So, now you should be able to draw a parcel from the metes and bounds survey from the Surveyor if you have read the first article in this series, Parcel Editing 101 – Know Your Boundaries. This is a relatively simple process and is easy to acclimate yourself to; but what happens when you come across a curve designated in your survey call?
Well the tools for this aren’t found in your standard toolbars for editing, so where or should I say how, do you draw a curve? As any good GIS professional there are several ways to accomplish a single task in GIS. So, for instance if you wanted, you could try using the Tangent Curve Segment when creating your feature. This works well if you have an existing line segment to base it off of. However, uou could also use the End Point Arc Segment tool, but again has its limitations. With this tool you need to know the exact coordinates of the beginning and ending segment vertices which are usually not provided. Often times the only coordinates you will have will be either the Point of Commencement (P.O.C.) or the Point of Beginning (P.O.B.) and not coordinates for all the line segments, which would just be too easy, right?
Well there is an all-encompassing solution, the Traverse Tool on the COGO dataset. This tool is awesome at creating genuine curves that accurately reflect the property boundary. This is the main method of call entry for editing in a Parcel Fabric (which will be discussed in later articles). To start creating your parcel you would follow the steps in the afore-mentioned article until you reached a curve survey call.
So now that you what tool to use, let’s look at how it works. The Traverse tool is a dialog window that opens when the tool is accessed. The first step is to make sure that the current feature class you are editing is selected in the template window. Once you have verified you are editing the correct feature class, select Curve from the drop down list directly below the template window. There are four fields to fill in involving the curve. I will go through each one and what they mean:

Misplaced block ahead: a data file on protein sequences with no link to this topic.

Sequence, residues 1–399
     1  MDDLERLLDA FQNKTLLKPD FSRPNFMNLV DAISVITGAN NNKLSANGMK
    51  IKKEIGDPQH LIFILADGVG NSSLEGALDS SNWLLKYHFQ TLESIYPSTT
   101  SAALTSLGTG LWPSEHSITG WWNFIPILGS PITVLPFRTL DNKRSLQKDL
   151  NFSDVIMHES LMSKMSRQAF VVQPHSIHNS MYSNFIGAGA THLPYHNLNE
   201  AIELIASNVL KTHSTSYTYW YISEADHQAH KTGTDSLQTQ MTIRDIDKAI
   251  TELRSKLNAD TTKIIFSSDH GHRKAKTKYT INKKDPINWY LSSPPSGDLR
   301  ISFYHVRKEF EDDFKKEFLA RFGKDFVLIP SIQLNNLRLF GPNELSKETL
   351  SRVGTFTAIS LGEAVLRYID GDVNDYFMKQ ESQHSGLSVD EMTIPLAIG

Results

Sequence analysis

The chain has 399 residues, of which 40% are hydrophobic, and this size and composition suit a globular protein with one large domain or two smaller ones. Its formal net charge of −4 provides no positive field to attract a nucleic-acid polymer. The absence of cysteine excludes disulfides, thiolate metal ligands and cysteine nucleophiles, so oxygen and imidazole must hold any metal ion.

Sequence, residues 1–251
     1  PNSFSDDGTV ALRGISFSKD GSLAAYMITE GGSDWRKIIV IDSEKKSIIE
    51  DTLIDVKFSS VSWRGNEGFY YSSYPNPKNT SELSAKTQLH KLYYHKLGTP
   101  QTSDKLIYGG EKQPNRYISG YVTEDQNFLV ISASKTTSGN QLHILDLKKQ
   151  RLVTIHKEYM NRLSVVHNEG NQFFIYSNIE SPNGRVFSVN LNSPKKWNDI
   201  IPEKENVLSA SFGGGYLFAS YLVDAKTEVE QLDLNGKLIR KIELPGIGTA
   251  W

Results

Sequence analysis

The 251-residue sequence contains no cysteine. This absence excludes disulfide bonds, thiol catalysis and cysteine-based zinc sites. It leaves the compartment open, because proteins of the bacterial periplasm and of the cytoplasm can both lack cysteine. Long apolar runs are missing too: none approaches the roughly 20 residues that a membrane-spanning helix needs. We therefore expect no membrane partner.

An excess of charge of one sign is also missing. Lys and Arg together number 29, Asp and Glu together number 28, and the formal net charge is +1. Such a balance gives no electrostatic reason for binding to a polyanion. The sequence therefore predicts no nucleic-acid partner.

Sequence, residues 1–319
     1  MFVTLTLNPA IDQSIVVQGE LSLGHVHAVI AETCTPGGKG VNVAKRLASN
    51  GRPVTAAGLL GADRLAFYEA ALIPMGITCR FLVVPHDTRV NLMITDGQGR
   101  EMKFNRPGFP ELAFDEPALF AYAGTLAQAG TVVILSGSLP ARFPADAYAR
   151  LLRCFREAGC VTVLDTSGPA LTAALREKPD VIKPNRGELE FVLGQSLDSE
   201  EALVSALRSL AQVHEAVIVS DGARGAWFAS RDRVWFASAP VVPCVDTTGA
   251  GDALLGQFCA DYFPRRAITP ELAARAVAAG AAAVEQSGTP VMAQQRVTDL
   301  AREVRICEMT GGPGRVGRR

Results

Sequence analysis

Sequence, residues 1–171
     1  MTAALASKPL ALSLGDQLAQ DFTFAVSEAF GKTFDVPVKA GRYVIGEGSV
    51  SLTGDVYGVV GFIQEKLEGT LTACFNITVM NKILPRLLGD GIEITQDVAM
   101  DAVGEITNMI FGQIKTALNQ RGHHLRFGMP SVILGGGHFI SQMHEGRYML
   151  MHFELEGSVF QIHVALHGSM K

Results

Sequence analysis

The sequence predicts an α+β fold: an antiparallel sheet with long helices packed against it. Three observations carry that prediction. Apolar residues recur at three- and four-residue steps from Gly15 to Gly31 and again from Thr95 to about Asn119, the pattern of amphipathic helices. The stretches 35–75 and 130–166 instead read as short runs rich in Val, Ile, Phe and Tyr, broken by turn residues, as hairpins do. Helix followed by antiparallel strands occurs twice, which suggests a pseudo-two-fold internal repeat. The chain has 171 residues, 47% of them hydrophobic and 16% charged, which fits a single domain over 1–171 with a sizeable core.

- The first field is called Chord. This is the chord length given in the survey, not the Arc Length although both are usually provided, the Arc Length is calculated from the other four parameters provided.
- The second field is the radius of the curve as provided by the Metes and Bounds. This is pretty straight forward.
- The third field is the chord direction. Please be aware that this is not the Delta Angle which is also provided in the survey. This format should be consistent with the rest of the data entry format. Ex. N 02-22-55 E.
- The last field is a drop down choice of whether this is a left or right curve and select the curve described in the survey as this affects the direction in which your line will be placed.
Once you have entered all of this information you are ready to proceed and draw this curve. Your next step would be to add the curve to the parcel you are editing. You can do this by clicking the Add button just to the right of the curve type selection dropdown option. At this point it should add the constructed line segment to your parcel boundaries. But wait, don’t press the finished button yet (unless of course this closes the parcel). If you select finish this is the equivalent of finishing the parcel and completes the sketch and then you have to start all over again. That’s never fun! While still in this dialog you can enter as many curves as needed. If the line changes to a straight segment you would change the top dropdown menu to Direction/Distance menu option and enter your straight line calls. Each call entered will draw a new line segment.
Once you have completed drawing all the line calls from the Metes and Bounds survey you can select the Finish Button and your sketch is created with accurate representation of the curved boundary lines. Now you can go into the attribute table or window and update the attributes for the new boundary you just created.
Now the mystery behind drawing curves in ArcGIS has been solved and you should be able to create any shape or size of parcel thrown your way with ease.